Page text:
Related laws [ edit ]

The European Union's Electronic Commerce directive , Article 14, contains limited liability provisions for online hosts which provide the legal basis for notice and takedown in the EU. France's Digital Economy Law ("Loi relative à l'économie numérique") is an example of an implementation of this directive, as is Finland's "Laki tietoyhteiskunnan palvelujen tarjoamisesta."

In Korea, the analogous law is Section 102 (Limitation of OSP Liabilities) and Section 103 (Takedown) of Copyright Law of Korea.

In Taiwan, Republic of China , the analogous law is Chapter VI-1 of the Copyright Act. [34]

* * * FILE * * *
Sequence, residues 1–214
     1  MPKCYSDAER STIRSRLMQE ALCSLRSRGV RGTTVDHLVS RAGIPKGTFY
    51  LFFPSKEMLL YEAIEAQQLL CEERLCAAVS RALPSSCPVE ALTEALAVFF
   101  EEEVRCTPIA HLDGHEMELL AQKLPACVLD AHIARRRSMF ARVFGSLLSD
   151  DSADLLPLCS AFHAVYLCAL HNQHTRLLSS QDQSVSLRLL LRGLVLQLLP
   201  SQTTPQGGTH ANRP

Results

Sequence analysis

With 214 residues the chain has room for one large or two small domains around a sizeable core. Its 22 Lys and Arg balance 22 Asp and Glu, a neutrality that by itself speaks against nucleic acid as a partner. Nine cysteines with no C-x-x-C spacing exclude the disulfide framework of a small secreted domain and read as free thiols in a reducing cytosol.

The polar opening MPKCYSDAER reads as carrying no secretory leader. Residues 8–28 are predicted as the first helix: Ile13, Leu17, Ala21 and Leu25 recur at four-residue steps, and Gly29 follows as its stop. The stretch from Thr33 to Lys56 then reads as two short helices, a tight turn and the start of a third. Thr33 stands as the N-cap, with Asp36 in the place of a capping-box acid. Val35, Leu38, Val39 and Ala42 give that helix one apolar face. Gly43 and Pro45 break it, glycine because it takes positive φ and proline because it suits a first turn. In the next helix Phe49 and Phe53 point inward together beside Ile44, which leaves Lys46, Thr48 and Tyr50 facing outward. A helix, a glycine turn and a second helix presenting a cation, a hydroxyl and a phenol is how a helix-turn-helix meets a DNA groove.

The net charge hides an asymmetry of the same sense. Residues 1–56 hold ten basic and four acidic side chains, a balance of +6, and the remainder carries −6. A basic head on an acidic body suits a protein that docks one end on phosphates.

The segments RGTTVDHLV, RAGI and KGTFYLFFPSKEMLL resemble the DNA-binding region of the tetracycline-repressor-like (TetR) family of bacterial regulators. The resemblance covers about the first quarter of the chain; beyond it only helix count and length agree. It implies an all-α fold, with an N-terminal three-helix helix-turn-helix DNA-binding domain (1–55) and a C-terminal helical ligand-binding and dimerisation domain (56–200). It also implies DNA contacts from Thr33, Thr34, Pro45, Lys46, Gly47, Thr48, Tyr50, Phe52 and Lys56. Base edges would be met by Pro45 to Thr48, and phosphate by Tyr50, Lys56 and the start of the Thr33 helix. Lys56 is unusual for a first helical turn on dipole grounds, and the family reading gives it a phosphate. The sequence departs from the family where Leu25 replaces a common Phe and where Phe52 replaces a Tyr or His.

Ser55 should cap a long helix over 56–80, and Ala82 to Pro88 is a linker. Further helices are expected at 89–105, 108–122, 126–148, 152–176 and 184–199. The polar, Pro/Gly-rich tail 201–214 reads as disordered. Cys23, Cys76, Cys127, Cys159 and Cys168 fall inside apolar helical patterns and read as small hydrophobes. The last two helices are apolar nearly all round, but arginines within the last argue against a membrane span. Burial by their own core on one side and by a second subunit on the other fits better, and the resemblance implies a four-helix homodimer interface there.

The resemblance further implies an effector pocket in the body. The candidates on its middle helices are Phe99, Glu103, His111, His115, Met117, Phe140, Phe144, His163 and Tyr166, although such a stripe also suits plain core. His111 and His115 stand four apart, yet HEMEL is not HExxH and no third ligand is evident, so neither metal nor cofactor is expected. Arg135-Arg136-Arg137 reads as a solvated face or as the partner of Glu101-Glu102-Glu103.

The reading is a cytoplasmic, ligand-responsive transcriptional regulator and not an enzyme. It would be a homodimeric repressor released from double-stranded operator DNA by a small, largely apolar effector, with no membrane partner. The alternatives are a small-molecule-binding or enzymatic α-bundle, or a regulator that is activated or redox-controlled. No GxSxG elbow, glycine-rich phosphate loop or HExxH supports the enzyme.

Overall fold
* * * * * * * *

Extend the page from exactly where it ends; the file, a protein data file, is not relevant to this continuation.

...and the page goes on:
See also [ edit ] Related US laws The "No Electronic Theft" ( NET ) Act Copyright Term Extension Act (1998) DMCA (1998) In re Aimster Copyright Litigation Amaretto Ranch Breedables, LLC v. Ozimals, Inc. References [ edit ] ^ 1996 WIPO Copyright Treaty Text ^ a b 17 U.S.C. § 512(i)(1)(A) ^ 17 U.S.C. § 512(i)(1)(B) ^ 17 U.S.C. § 512(a) ^ 17 U.S.C. § 512(b) ^ 17 U.S.C. § 512(c) ^ 17 U.S.C. § 512(d) ^ 17 U.S.C. § 512(C)(2) ^ 17 U.S.C. § 512(h)(5) ^ A&M Records, Inc. v. Napster, Inc., 239 F.3d 1004 (9th Cir. 2001). ^ Ellison v. Robertson, 357 F.3d 1072 (9th Cir. 2004). ^ a b c H.R. Rep. No. 105-551, at 53 (1998). ^ 17 U.S.C. § (512(c)(3)(A)(i-vi)) ^ 17 U.S.C. § 512(c)(1)(C) ^ 17 U.S.C. § 512(c)(3)(B)(ii) ^ Perfect 10, Inc. v. CCBill, LLC , 488 F.3d 1102, 1113 (9th Cir. 2007). ^ 17 U.S.C. § 512(g)(2)(A) ^ 17 U.S.C. § 512(c)(1)(A)(ii) ^ a b Online Policy Group v. Diebold , 337 F. Supp. 2d 1195 (N.D. Cal. 2004). ^ "Copyright, Peer-to-Peer File Sharing and DMCA Subpoenas" . Nacua Notes . 6 November 2003.   ^ "University Administrative Interests in Copyright" . Copyright Crash Course . 2007.   ^ Case documents EFF Archive of RIAA v. Verizon documents , Verizon's Previous Legal Briefs and Court Rulings . ^ Stefanie Olsen, Charter files suit against RIAA CNET News (Oct. 6, 2003). ^ In re: Charter Commc'ns, Inc. Subpoena Enforcement Matter (8th Cir. 2005). ^ "COX COMMUNICATIONS SUED FOR NOT DISCONNECTING PIRATES" . TorrentFreak . Retrieved November 28, 2014 .   ^ Pamela Samuelson et al., A Reverse Notice and Takedown Regime to Enable Fair Uses of Technically Protected Copyrighted Works , 22 Berkeley Tech. L.J. 981, 993 (2007). ^ 10 Years Later, Misunderstood DMCA is the Law That Saved the Web , Wired (Oct. 2008). ^ Julian Sanchez, Google's DMCA takedowns leaving Blogger users high and dry , Ars Technica (Mar. 8, 2009). ^ Nate Anderson, Scientology fights critics with 4,000 DMCA takedown notices , Ars Technica (Sep. 8, 2008). ^ , Ahrens, Green, McSherry and Stoltz; [1] , Center for Internet & Society Stanford Law School and Electronic Frontier Foundation (November 13, 2013). ^ McKay, Patrick (April 4, 2013). "YouTube Refuses to Honor DMCA Counter-Notices" . Fair Use . Retrieved July 23, 2013 .   ^ "Videos removed or blocked due to YouTube's contractual obligations" . YouTube Help . April 2, 2013 . Retrieved July 23, 2013 .   ^ Brandon Brown, Fortifying the Safe Harbors: Reevaluating the DMCA in a Web 2.0 World , 23 Berkeley Tech. L.J. 437, 438 (2008). ^ Ministry of Justice (Republic of China) : Chapter VI-1 Limitations on Liability for Internet Service Providers of the Copyright Act External links [ edit ] Wikisource has original text related to this article: Online Copyright Infringement Liability Limitation Act General [ edit ] 17 U.S.C.   § 512 , Text of OCILLA U.S. Copyright Office Summary of the DMCA Chilling Effect's FAQs , about DMCA Safe Harbor Provisions U.S. Copyright Office List , of Designated Agents for Infringement Notification Using OCILLA [ edit ] DMCA Guide , with sample copyright infringement notices and counter-notices Using DMCA to Protect Your Content , Lunar Legal (June 2008) How to File a DMCA Copyright Infringement Notice , Responding to Notices of Alleged Infringement , University of Texas Case law [ edit ] Diehl v. Crook , Electronic Frontier Foundation's successful 2006 suit against an illegal takedown notice Sony Corp. of Am. v. Universal City Studios Inc. , 464 U.S. 417 (1984). Religious Tech. Ctr. v. Netcom On-Line Commc'n Servs., Inc. , 907 F. Supp. 1361 (N.D. Cal. 1995). Costar Group, Inc. v. Loopnet, Inc. , 373 F.3d 544 (4th Cir. 2004). Online Policy Group et al. v. Diebold, Inc. , 337 F.Supp.2d 1195 (N.D. Cal. 2004). A&M Records, Inc. v. Napster, Inc. , 239 F.3d 1004 (9th Cir. 2001). Perfect 10, Inc. v. CCBill, LLC , 488 F.3d 1102 (9th Cir. 2007). Retrieved from " https://en./w/index.php?title=Online_Copyright_Infringement_Liability_Limitation_Act&oldid=787774760 " Categories : 1998 in law 1998 in the United States United States federal computing legislation United States federal copyright legislation 105th United States Congress Digital Millennium Copyright Act Hidden categories: Wikipedia articles needing style editing from August 2011 All articles needing style editing